Anyway, one particular person, who had invested in U City years ago when it was somewhat derelict and has made tons of money off his rehabbed buildings and their tenants, decided that U City needed a trolley as a tourist attraction. It would connect U City's downtown with Forest Park and its three big cultural institutions, thereby bringing lots of paid customers to his businesses. It would connect with the Metro system of buses and light rail so it would have all this green cred. And it would be so cool! Build it and the people will ride it! So they built it. It took years longer than planned and was way, way over budget. Periodically its backers came to the city and county, requesting more money. They got it. Eventually the trolley opened to big fanfare.

But the people didn't ride it, not in anywhere near the numbers needed to make enough money to keep it operational. And it kept breaking down, which may be part of why the people didn't ride it. After all the work of putting in the rails and the lines, after the cost overruns and the years-delayed opening, it was shut down in 2019. Now we're stuck with useless equipment and don't have the money to spend on something more useful. I hope your township avoids a similar debacle. Tell them to look up the sad story of the U City trolley sometime; maybe they will have second thoughts.

It sounds like diesel buses disguised as trolleys would have allowed the developer to test the program at minimal cost and without tearing up the streets building a huge infrastructure.

Three diesel buses disguised as trolleys would have provided proof of concept and the maintenance would have been easier too.

I do not know why this is so hard to understand.

ClareBroommaker's picture

Yeah, for some reason there is thought that trolleys are such a novelty that tourists will be attracted to them. I think it was around 1978 that Memphis, TN started a single trolley line in the downtown area. I don't know whether it ever attracted many tourists, but it was at least useful for commuters and downtown workers at the time, connecting bus lines as it did.

Anyone here from Pittsburgh? I did ride a trolley in Pittsburgh, just for the sake of doing so (tourist). I think it ran along old tracks which once had been electrified overhead, but the trolley I rode from downtown out to the suburbs and back must have been diesel. I got sick as a dog on the trolley. The car jostled side to side making me motion sick. It was hot, so windows were down while diesel fumes poured in through the windows. It was awful....But this line was used by ordinary people for their ordinary transportation. That was probably around 1984. I don't know its present status.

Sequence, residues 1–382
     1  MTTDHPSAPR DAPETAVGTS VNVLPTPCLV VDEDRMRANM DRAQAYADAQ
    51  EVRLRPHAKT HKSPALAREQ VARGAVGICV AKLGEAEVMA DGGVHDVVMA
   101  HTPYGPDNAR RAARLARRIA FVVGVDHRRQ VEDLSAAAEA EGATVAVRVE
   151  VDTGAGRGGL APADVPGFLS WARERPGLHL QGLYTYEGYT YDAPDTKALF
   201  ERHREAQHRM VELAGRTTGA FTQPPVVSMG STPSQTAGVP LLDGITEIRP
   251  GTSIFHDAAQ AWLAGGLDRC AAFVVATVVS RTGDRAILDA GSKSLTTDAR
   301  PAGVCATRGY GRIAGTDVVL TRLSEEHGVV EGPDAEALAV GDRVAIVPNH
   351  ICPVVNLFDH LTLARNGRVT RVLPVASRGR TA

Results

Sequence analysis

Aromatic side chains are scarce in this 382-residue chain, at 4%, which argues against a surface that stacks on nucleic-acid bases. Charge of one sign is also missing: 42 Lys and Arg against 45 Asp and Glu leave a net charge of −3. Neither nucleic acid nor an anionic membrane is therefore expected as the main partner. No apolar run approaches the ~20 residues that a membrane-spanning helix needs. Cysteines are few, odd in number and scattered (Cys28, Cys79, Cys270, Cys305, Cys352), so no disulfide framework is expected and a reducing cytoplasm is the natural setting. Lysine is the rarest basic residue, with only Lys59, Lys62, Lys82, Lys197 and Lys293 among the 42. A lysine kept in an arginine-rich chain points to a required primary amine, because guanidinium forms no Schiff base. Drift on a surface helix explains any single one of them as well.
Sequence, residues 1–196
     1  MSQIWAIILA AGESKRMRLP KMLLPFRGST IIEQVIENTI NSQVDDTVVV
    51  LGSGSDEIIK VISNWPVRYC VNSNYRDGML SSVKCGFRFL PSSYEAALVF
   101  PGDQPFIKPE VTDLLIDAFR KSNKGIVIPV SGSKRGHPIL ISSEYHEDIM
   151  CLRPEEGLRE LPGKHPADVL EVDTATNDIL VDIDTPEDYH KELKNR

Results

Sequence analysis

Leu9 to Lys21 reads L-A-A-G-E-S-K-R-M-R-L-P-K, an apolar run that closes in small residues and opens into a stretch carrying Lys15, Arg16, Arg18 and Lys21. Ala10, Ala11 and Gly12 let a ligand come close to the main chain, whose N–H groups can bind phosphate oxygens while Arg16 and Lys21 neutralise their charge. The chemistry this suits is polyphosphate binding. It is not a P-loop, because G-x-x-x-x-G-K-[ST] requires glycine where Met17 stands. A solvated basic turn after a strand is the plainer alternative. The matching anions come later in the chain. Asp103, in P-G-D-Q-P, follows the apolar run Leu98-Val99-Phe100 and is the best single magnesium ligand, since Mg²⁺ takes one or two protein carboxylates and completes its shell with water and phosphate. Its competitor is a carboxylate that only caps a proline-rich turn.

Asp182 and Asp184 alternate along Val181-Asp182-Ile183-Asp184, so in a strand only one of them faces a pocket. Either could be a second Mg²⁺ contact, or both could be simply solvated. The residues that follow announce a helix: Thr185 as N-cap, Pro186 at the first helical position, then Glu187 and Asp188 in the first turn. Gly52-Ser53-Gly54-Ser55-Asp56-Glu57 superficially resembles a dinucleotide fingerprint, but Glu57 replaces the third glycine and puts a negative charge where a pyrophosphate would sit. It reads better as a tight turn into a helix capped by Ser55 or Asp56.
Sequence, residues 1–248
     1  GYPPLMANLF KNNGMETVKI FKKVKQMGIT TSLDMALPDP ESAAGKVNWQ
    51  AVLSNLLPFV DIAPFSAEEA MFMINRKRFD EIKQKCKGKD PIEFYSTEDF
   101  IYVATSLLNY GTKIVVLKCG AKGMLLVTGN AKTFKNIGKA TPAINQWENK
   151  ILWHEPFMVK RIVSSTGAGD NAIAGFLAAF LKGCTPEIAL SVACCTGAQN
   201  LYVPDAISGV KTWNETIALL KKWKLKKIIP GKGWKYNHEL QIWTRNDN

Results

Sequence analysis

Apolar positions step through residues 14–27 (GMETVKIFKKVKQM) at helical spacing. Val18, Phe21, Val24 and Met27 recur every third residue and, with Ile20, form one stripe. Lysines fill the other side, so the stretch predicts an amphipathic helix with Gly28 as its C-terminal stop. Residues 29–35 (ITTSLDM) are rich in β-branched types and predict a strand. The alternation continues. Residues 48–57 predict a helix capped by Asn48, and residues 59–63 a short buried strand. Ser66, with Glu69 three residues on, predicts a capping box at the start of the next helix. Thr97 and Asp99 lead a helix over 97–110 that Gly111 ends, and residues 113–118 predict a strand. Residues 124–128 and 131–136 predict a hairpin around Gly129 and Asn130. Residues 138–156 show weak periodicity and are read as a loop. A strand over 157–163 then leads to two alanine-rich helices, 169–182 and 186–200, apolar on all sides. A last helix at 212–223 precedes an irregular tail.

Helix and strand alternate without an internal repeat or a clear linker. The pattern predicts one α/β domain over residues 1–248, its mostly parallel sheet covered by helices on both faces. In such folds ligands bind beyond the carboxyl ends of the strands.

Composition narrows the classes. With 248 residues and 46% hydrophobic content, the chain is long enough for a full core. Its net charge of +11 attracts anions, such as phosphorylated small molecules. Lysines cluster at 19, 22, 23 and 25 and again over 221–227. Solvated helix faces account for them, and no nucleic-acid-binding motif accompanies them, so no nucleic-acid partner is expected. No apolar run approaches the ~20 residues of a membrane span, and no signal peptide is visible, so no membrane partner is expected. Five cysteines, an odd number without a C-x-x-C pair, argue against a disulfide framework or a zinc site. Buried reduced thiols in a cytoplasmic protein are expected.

It has to be the romantic olde-timey romantic novelty of trolleys as opposed to buses.
I can't see any other reason.
Around here, one of the biggest selling points for spending millions of $$ is because "Mr. Hershey would do it!"
Mr. Hershey's been dead since 1945. He was a philanthropist but he was also a businessman and he didn't pour money down ratholes. He built the original trolley because that's what people used in the 1930's to get from their homes to the factory.

I think he would use diesel buses disguised as trolleys today, because of the cost.
While tourists currently ride the trolley (a diesel bus disguised as a trolley complete with driver and tour guide in olde-timey costumes), there are a LOT fewer of them and the trolley doesn't go anywhere useful and it's freaking expensive.
It's a tour of Hershey. Not a transportation system. Thus, the residents don't use it unless they're showing around visiting relatives from out of town.

Sweet Tatorman's picture

I left New Orleans around the time they increased the trolley fare from 5 cents to 7 cents [late 1950's]. That 5 cents not only got you a ride on the original trolley but also a transfer ticket on other lines or the bus system. Outrageous, a 40% fare increase! At the time I lived within a block of the St Charles trolley line.